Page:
Germany and the ECB should do a deal on economic stimulus

Germany and the ECB should do a deal on economic stimulus

Germany is faced with a conundrum. It appears to be heading into its first recession in six years and most investors believe it and the rest of the eurozone need some kind of economic stimulus.

The European Central Bank is poised to respond at its September meeting, probably with rate cuts and asset purchases known as quantitative easing. But Berlin has long criticised QE as a disguised bailout to profligate southern European countries that ultimately will be paid by German taxpayers, and pushing interest rates further into negative territory will hit hard-pressed German savers and financial interests.

However, there is another way. There are growing signs that Berlin is preparing a fiscal stimulus package, as it did after the 2008 financial crisis, including measures to prompt investment and cut carbon emissions. Nothing has been decided yet but Europe could be on the threshold of some very important policy changes.

Outgoing ECB president Mario Draghi has already warned that monetary policy may not be enough to boost the eurozone economy. He and the rest of the central bank leadership should offer Berlin a grand bargain — if Germany pushes ahead with fiscal stimulus, the ECB would forgo its monetary stimulus package as long as Europe’s inflation picture does not further deteriorate.

The deal would give the ECB invaluable breathing room: monetary policy is being stretched to breaking point by having to bear the entire burden of fighting Europe’s faltering economy and too low inflation. A grand bargain would bring much needed balance to Europe’s demand management policies, a suitable finale to Mr Draghi’s tenure.

From Germany’s point of view, sidestepping a possible new round of QE and further interest rate cuts could be worth it, even if they are ordinarily sceptical of using fiscal policy to boost economic growth.

Without concessions by the ECB, it is an open question whether there would be enough political support in Germany for a fiscal stimulus even with the looming recession. But with the grand bargain and the ECB’s promise to hold off on monetary stimulus, the fiscal stimulus would be virtually guaranteed. Together they would lead Germany to provide the boost that it and Europe need.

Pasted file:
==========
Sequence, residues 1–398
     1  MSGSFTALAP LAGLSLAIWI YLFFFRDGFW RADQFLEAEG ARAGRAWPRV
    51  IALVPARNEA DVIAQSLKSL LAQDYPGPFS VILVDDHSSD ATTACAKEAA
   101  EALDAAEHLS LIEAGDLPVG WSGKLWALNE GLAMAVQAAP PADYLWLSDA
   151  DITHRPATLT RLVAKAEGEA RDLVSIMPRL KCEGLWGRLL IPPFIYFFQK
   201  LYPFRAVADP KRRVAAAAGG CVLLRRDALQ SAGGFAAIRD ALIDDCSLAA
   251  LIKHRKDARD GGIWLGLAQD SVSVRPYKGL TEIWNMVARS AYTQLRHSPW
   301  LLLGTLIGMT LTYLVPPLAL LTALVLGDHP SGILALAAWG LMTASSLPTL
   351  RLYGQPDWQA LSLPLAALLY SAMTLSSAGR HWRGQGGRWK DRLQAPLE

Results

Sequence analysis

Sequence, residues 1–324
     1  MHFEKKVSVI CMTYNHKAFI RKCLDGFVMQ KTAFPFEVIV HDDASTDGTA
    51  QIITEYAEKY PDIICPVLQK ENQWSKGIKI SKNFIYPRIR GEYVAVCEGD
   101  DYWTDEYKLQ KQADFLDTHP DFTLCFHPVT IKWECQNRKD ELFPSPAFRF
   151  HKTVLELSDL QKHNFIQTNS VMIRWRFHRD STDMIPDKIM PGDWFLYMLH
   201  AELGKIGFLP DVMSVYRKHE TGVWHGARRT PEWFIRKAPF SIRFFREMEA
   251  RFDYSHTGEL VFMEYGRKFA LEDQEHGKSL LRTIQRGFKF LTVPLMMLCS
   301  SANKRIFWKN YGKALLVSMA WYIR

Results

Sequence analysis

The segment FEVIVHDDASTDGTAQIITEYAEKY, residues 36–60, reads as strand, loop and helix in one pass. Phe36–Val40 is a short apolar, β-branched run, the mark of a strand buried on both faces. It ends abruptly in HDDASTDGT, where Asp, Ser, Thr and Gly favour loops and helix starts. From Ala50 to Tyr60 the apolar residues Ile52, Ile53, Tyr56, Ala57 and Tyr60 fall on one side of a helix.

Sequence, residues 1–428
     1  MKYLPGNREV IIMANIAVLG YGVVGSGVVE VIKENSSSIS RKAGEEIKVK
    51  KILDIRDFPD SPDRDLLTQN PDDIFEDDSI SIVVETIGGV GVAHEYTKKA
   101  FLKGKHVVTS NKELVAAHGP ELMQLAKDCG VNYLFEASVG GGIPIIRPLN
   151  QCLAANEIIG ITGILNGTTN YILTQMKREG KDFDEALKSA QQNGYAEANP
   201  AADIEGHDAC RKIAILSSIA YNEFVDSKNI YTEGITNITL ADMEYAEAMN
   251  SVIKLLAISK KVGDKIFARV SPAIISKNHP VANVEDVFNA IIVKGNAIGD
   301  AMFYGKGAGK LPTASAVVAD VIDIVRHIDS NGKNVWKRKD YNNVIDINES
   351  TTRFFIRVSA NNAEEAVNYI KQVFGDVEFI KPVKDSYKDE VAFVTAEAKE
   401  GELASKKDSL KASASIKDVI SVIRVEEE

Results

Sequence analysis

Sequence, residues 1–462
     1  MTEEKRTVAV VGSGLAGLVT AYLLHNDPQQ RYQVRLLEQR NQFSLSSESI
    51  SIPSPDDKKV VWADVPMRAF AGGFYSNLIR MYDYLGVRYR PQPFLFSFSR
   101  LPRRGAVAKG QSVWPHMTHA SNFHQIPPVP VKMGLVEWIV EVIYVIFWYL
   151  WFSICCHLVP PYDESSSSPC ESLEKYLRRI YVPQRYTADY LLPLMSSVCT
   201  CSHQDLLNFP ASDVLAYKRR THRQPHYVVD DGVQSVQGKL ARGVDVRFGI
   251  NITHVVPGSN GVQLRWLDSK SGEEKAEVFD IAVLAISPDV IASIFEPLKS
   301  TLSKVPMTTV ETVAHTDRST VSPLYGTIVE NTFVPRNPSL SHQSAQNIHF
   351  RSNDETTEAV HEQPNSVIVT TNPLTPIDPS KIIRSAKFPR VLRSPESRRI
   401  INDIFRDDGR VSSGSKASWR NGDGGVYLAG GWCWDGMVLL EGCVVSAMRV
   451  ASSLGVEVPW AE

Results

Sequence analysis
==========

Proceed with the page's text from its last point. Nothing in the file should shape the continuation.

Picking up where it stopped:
Another advantage of this grand bargain for Germany is that it could help defuse US president Donald Trump’s protectionist threats against the nation. He has been openly critical of Mr Draghi’s plan to provide monetary stimulus. If such a package causes the euro to decline against the dollar, it could fuel possible retaliation from the currency warrior in the White House.

A grand bargain based on fiscal stimulus might well be looked on with considerable favour by Mr Trump, if it increased US exports to Europe without causing the dollar to appreciate. The deal could be portrayed in Washington as a victory for Mr Trump. At best it would lead the protectionist president to delay threatened tariffs on German cars and other exports that experts are convinced are coming in the next several months.

At the same time, if the fiscal stimulus works, the German economy will be stronger and better able to deal with Mr Trump’s protectionist tariffs, should they come.

Even though the case for a grand bargain is convincing, there is an important caveat to be kept in mind. Mr Trump has been pushing the US Federal Reserve to cut American interest rates aggressively. If it does so while the US economy is relatively strong, Europe might need a new monetary stimulus package to protect itself from a skyrocketing euro.

The more the US engages in “beggar thy neighbour” monetary policies, the less attractive a grand bargain in Europe will become.

The writer is a senior fellow at Stanford University’s Hoover Institution

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